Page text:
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Name: Micah P.
Status: student
Age: 17
Location: N/A
Country: N/A
Date: Friday, April 26, 2002


Question:
I am currently working in a program with the Johnson Space Center called Texas Aerospace Scholars. In our last lesson, we learned about Mars. If water is so scarce on the surface of Mars, would not there be some way to collect the frost that forms on some of the surface and use it to our advantage during long-term manned-missions to Mars? Would the amount collected (if possible) be enough to support human life or create rocket fuel from?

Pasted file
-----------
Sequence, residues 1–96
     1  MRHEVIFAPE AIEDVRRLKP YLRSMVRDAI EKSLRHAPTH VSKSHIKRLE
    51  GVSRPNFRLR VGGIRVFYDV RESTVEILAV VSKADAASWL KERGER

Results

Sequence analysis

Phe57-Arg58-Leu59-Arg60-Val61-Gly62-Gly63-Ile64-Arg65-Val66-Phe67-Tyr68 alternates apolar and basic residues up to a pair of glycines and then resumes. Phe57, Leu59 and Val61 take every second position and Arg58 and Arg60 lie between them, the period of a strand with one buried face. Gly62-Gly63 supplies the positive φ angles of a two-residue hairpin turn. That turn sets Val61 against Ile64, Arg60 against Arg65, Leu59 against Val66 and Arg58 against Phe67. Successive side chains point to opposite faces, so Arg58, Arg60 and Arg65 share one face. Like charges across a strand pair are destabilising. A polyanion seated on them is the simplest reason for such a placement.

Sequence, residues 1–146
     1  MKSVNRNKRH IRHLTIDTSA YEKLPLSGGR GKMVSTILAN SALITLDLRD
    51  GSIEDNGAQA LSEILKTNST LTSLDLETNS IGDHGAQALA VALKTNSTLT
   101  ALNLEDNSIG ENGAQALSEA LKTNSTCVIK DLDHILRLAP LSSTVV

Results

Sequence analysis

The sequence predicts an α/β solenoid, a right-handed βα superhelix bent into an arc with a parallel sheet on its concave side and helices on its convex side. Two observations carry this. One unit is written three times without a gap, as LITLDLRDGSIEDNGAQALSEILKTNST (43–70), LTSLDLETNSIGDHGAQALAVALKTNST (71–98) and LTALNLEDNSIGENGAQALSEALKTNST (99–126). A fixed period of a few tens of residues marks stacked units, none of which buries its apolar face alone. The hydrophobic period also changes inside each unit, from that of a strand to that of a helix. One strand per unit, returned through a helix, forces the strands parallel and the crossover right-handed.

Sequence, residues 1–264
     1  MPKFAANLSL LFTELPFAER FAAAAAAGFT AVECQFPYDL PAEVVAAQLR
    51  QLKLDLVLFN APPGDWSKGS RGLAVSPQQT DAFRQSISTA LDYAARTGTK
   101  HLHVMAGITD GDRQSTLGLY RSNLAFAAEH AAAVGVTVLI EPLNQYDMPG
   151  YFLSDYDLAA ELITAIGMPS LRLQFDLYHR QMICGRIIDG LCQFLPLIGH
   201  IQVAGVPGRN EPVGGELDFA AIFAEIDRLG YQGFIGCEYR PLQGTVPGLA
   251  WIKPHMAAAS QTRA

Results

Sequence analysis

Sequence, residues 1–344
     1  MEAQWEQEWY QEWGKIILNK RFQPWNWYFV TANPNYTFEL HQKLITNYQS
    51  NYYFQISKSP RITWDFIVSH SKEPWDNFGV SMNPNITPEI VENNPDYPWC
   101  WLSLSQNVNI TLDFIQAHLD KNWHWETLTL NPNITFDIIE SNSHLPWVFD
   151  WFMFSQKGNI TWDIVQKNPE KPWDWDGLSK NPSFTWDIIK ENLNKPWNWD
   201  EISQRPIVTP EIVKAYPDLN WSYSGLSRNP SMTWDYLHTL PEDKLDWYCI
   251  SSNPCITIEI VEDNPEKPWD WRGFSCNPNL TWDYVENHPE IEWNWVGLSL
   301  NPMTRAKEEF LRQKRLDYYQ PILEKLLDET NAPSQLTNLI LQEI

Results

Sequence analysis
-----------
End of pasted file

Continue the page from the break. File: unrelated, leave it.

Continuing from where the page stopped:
Replies:
I do not think anyone really knows how much water remains on Mars. It could be buried. In order to collect the "frost" you would need a surface at a temperature sufficiently low that the "frost" would not sublime during the warmer conditions of Mars. Possibly some sort of absorbent such as silica gel or microgel polymers would be more efficient. In any case one would have to know how to preserve any condensation for an extended period of time, and keep it relatively clean. I don't know how the economics of "capture" on the surface vs. "transport" from Earth to Mars would shake out.

Vince Calder



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